After fooling around with other methods, we finally accepted the advice I got on the Wicket IRC channel and used Terracotta to cluster our Wicket-based apps running under Jetty. It turned out to be straightforward to implement. The first thing to do was to add the Terracotta dependencies to our pom.xml. [sourcecode language=”xml”] org.terracotta.session terracotta-session 1.1.1 org.terracotta terracotta-toolkit-1.1-runtime 2.0.0 [/sourcecode] Then you just need to add a Terracotta filter to the jetty WebAppContext as follows: [sourcecode language=”java”] FilterHolder tcFilterHolder = new FilterHolder(TerracottaJetty61xSessionFilter.class); tcFilterHolder.setInitParameter(“tcConfigUrl”, “terracotta:9510,terracotta2:9510”); context.addFilter(tcFilterHolder, “/*”, Handler.ALL); [/sourcecode] That’s it. Terracotta will cluster the session (in the example we’re using two terracotta servers called “terracotta” and “terracotta2” – a main server and a standby). We’re using a HAProxy load-balancer with[…]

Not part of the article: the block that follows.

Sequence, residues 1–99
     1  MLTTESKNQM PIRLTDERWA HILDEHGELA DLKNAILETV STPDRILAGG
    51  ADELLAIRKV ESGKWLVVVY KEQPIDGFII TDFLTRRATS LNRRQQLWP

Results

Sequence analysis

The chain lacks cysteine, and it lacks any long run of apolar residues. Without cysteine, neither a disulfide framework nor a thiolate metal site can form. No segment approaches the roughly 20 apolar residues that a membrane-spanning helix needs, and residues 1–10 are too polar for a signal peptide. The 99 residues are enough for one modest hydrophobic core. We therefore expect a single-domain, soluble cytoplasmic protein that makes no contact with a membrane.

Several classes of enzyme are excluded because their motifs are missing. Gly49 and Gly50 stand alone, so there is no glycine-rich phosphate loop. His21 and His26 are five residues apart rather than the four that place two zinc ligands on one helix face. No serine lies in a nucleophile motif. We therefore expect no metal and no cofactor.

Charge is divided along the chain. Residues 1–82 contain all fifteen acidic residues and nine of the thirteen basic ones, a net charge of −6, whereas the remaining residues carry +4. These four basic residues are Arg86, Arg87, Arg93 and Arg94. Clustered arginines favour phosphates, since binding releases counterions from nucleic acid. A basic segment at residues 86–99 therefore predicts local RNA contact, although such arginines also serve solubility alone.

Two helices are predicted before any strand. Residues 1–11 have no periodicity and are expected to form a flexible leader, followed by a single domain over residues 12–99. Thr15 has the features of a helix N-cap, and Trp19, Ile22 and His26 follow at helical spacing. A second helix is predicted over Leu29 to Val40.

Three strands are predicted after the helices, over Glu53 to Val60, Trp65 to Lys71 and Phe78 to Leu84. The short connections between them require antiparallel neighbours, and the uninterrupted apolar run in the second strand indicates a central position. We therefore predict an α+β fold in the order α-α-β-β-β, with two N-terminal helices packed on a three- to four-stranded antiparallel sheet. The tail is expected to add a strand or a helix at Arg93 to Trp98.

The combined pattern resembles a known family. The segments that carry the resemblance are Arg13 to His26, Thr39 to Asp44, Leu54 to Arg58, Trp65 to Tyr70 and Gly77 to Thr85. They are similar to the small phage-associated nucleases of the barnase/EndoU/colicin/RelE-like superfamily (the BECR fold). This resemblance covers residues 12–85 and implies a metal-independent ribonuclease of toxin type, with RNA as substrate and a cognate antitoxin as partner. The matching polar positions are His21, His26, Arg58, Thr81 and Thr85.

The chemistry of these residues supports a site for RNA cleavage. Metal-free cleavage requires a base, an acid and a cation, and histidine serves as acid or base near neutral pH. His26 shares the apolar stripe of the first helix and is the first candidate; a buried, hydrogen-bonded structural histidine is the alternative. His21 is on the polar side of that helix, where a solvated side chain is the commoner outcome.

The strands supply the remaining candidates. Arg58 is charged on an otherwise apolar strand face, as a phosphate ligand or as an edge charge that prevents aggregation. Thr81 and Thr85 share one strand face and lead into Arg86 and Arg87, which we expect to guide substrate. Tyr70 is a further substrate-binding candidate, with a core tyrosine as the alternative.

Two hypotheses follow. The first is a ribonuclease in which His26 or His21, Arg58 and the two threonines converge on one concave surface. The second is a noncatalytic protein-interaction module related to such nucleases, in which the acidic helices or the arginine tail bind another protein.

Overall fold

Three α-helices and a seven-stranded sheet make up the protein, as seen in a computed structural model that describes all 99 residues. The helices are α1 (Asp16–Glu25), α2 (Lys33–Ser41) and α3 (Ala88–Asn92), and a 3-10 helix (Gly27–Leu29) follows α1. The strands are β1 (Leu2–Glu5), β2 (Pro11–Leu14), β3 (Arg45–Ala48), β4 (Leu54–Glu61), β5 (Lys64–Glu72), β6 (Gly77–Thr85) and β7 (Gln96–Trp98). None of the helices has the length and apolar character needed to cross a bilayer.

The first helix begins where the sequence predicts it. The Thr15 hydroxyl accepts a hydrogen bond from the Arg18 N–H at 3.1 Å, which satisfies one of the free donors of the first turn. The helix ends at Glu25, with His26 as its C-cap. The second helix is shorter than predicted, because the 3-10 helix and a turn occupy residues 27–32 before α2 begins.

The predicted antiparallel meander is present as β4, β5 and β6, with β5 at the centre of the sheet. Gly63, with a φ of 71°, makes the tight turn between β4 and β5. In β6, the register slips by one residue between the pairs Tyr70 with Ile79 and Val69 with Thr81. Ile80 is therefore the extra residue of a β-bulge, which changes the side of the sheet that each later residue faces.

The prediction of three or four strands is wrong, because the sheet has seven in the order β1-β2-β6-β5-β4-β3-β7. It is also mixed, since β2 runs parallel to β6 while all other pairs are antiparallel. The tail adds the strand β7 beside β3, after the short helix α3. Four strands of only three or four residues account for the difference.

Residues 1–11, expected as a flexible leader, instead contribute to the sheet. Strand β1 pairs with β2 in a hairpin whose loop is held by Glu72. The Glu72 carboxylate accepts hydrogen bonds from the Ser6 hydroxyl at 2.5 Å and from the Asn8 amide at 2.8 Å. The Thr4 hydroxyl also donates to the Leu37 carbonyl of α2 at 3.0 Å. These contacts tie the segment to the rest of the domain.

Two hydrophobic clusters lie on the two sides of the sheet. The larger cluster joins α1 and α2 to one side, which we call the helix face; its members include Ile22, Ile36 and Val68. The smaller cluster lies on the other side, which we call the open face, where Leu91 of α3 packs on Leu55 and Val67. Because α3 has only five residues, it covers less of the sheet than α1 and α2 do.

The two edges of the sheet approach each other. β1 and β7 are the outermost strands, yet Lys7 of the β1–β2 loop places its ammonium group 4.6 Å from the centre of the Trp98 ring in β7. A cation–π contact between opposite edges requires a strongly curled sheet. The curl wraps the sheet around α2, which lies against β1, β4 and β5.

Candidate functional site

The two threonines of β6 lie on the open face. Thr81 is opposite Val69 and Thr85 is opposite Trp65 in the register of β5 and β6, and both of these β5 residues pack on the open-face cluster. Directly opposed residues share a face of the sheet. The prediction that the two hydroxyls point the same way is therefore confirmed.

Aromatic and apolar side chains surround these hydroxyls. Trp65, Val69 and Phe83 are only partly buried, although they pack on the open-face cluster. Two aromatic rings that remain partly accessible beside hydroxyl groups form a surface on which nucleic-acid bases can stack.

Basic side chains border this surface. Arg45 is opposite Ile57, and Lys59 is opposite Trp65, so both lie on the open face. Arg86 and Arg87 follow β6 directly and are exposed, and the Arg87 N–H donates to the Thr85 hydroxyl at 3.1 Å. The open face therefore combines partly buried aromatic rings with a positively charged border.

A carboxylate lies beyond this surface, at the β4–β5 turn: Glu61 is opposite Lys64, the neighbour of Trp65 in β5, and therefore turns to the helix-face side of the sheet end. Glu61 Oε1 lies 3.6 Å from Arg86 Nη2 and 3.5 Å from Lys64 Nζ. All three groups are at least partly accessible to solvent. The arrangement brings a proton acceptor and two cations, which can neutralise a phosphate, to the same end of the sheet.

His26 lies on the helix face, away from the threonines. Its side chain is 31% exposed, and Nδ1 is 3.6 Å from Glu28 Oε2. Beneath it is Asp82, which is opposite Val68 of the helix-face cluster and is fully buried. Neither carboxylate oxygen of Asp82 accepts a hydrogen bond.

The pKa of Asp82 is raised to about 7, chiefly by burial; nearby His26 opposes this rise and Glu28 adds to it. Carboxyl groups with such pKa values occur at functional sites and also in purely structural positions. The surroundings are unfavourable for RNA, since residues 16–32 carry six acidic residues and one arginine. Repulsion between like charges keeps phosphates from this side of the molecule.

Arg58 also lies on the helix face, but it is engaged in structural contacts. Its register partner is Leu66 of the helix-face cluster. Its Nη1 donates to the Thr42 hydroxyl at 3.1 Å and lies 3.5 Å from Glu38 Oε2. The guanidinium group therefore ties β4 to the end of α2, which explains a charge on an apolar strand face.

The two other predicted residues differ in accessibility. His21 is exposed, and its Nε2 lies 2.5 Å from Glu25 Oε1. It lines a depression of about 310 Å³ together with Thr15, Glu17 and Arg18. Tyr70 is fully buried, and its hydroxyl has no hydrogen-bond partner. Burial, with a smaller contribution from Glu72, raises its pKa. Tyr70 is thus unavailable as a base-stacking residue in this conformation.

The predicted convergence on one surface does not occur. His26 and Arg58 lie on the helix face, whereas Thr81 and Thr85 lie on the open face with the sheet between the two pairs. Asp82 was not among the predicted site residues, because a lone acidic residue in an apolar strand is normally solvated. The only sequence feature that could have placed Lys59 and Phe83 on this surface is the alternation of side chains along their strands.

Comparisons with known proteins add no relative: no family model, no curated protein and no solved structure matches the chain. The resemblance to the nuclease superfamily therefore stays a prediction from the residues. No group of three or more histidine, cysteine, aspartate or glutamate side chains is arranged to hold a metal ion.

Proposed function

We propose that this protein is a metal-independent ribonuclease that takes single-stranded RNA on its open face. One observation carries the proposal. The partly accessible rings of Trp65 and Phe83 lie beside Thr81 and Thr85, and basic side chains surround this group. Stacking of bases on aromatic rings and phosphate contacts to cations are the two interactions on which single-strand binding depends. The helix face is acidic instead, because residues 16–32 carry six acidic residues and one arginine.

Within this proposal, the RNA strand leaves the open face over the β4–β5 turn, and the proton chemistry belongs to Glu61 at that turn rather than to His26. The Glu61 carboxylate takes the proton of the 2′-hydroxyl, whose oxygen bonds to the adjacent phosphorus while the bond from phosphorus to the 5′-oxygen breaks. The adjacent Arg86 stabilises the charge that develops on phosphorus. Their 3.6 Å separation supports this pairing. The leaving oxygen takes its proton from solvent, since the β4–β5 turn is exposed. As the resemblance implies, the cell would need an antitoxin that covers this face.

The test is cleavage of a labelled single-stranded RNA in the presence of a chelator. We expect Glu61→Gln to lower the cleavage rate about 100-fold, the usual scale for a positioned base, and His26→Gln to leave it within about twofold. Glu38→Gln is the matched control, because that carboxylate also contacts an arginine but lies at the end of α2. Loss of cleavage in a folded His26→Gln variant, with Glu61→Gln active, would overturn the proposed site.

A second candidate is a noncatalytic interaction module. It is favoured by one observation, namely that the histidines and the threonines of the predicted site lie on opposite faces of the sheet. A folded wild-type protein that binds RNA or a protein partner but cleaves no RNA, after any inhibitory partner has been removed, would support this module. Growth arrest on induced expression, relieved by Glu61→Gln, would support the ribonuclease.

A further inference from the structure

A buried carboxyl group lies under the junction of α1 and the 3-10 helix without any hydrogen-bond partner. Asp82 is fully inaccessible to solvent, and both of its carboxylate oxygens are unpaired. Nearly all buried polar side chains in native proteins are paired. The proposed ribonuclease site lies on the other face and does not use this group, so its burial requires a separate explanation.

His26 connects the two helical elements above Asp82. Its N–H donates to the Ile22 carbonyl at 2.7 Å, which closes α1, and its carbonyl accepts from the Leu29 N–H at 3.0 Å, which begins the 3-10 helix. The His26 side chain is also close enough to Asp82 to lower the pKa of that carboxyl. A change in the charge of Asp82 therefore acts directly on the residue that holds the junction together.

We are now deploying to our staging servers from our Maven repository using wget (the url is like ‘http://maven:8080/nexus/service/local/artifact/maven/redirect? r=snapshots&g=com.armstrongconsulting.controlcenter.server &a=controlcenterwebapp&v=LATEST&e=jar&c=jar-with-dependencies’.). The runnable jars (or wars) in the Maven repository are built, unit-tested and deployed to Maven by Continuum automatically. If any errors are found, the developer who made the offending commit to SVN is informed by Continuum. Works great, highly recommended. Thanks to Gabriel for setting it all up.